I cannot agree that restricting banks to loaning only the money they have on deposit from customers or from bank capital reserves is the best and only alternative.  Tightening up loan standards so that adequate collateral is necessary to obtain a loan would act as a control on total lending activity and remind the borrower that the purpose of the loan is to increase real wealth and to avoid losing the wealth you already own.  Leverage should also be severely limited.  Maybe create $3 for every $1 held by the bank, rather than 33:1 or 40:1.

The full extent of the money supply should reflect not only the number of people, but also the total amount of real wealth.  Tying all lending activity more closely to collateral would go far to achieve that purpose.  

Giving trillions of dollars to people, whether it comes from banks loans clearly destined for default or government transfer payments, is FUBAR.  Loaning money to people who can evidence a clear ability to take that money and produce real assets from it in an amount far greater than  the amount of money loaned, plus interest, is the only way to produce real wealth for society.

Loaning unlimited amounts of money at zero interest in return for junk collateral to entitites with no plan to utilize the money productively to increase societal wealth is the apex of financial insanity.  Yet folks wonder out loud why things haven't really gotten any better since 2008, or, even worse, try to convince other folks that things really are better while we all distractedly slide into the abyss.

Gmpx's picture

Sorry, I disagree. Fractional reserve is a problem if it is only availble for a group of people.

Fractional reserve (money creation) should be allowed to all citizens equally or it should be removed.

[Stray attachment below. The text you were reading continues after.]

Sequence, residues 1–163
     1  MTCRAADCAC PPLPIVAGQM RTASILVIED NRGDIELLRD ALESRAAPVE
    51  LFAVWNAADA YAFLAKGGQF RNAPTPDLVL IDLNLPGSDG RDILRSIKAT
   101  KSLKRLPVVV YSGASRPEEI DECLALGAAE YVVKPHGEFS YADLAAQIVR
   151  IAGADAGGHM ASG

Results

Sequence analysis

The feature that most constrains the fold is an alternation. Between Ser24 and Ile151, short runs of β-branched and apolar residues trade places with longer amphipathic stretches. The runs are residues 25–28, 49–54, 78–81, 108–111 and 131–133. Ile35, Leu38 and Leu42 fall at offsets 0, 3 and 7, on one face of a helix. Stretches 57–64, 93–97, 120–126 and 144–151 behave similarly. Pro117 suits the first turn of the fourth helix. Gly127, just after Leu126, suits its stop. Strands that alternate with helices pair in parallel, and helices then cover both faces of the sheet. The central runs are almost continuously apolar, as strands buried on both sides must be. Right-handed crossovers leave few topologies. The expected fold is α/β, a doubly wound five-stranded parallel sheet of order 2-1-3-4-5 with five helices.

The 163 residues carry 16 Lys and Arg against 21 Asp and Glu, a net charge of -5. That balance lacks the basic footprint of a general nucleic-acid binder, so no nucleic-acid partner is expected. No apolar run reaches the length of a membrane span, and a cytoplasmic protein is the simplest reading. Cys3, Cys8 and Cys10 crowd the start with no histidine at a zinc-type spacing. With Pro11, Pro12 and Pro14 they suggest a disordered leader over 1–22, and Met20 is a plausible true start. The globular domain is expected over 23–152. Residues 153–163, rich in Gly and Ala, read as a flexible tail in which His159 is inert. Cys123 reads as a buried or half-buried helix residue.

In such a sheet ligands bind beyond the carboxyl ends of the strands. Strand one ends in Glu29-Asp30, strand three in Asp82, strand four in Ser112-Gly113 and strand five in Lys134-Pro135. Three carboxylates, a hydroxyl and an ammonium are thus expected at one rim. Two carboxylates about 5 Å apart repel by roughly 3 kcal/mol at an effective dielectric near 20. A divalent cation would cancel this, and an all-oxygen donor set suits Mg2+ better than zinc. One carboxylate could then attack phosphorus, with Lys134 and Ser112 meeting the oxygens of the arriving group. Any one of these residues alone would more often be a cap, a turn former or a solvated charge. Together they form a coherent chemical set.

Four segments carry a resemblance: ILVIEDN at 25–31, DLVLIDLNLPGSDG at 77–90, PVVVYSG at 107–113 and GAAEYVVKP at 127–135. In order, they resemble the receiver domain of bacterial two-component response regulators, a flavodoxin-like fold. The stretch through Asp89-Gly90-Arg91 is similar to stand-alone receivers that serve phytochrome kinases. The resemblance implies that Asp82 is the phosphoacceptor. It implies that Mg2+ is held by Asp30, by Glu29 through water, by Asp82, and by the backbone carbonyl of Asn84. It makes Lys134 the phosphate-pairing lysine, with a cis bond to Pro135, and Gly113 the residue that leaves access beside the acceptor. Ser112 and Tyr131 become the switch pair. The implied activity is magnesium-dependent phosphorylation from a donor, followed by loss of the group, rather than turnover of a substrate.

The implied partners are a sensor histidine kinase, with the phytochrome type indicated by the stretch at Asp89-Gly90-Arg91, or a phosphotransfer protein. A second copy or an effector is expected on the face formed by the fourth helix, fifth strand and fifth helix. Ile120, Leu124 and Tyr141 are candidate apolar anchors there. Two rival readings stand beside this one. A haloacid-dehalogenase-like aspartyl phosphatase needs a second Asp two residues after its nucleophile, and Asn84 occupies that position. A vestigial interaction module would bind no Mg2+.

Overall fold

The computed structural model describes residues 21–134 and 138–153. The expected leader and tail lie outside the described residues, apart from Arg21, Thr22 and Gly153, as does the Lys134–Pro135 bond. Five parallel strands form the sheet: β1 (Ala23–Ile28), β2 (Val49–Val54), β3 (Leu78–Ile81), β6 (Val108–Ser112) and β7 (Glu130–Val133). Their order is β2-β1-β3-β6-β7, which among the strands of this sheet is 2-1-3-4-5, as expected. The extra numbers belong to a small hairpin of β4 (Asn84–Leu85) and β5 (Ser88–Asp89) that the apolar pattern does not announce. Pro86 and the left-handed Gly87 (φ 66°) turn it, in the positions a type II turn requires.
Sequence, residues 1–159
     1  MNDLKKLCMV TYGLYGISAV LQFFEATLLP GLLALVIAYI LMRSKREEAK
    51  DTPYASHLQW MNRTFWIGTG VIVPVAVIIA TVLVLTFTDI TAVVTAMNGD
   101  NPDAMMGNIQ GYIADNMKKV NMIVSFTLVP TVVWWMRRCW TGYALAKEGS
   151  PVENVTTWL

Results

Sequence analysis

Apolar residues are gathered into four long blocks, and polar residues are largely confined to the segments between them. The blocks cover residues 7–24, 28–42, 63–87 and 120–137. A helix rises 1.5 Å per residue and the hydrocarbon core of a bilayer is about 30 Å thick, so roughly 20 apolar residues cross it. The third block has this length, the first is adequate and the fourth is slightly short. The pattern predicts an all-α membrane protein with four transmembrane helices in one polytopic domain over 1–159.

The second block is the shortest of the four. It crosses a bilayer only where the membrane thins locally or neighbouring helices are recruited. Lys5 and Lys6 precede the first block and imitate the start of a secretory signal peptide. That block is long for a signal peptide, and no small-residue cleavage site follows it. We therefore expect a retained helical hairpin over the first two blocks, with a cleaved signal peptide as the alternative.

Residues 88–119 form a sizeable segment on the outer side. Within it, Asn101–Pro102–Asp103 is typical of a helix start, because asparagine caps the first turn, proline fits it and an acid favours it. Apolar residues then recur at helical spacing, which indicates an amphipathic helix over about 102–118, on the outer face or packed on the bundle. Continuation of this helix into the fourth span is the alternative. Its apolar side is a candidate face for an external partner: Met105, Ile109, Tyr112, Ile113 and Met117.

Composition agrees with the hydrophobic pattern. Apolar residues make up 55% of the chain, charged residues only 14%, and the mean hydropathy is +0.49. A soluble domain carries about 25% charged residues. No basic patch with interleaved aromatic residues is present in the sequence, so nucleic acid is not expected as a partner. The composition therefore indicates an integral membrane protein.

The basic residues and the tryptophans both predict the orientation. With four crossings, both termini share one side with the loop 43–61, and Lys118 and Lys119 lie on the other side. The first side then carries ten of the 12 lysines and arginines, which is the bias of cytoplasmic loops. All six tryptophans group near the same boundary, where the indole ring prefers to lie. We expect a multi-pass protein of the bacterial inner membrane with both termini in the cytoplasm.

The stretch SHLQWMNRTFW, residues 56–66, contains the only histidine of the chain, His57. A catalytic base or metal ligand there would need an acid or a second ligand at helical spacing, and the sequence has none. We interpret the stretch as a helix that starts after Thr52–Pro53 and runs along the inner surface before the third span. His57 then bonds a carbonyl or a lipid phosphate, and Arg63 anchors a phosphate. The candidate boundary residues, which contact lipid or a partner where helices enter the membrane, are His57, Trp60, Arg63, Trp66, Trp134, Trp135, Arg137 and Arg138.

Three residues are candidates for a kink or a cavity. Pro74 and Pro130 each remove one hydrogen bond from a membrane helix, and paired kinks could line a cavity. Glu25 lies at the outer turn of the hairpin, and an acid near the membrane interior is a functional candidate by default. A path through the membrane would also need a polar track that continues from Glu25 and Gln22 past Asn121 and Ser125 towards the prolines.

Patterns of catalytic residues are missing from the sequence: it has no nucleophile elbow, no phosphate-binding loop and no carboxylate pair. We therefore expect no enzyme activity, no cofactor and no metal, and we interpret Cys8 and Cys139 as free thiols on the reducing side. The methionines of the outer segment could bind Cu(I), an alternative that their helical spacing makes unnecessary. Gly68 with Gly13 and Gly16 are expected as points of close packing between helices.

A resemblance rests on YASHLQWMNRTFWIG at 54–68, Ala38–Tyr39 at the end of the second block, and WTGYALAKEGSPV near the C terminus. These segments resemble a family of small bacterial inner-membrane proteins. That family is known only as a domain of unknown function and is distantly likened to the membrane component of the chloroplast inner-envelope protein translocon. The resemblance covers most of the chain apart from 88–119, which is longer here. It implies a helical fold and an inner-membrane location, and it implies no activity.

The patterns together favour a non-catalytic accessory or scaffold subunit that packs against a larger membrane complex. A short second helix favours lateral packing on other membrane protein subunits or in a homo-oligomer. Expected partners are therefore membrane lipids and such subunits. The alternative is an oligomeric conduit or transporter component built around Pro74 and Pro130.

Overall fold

If system allows a small group of people to multiply money on behalf of govt they become untouchable super humans.

Gmpx's picture

No fractional reserve! Money is govt. Govt is elected. If elected govt decides to print more money than needed - you deserve it because you elected the govt.

Govt does not give out credits, it only prints as much money as it considers right. Govt can hire a formed banker Lloyd and take his advice on how much money to print. But Lloyd should not be able to print money nor get any money from govt except salary.

If Lloyd wants to run a credit company it should accumulate money from selling shares. When his company has money he can give credit to anyone on any conditions he wants.

This is very very very simple. There is nothing difficult in how to organize money system. All the difficulty is created to defraud people.

Cursive's picture

Chris, congrats on heading up Carrington's investment banking.  Fine analysis as always, though I take exception to the "utility" part or lack of volatility.  Bank profitability is phony, but that's not a news flash.  All of these banks, particularly GS and JPM have prop trading desks that could destroy the bank in one bad quarter.  Of course, any of these banks will be bailed, so no biggie.  BernanQE has created an investment environment where buying stocks, and particularly big banks, is akin to the WWII-era patriotic duty of buying government bonds.

max2205's picture

It's a trade because they won't lose their way to insolventcy, or get sued out of existance, and there is always a bottom to trade.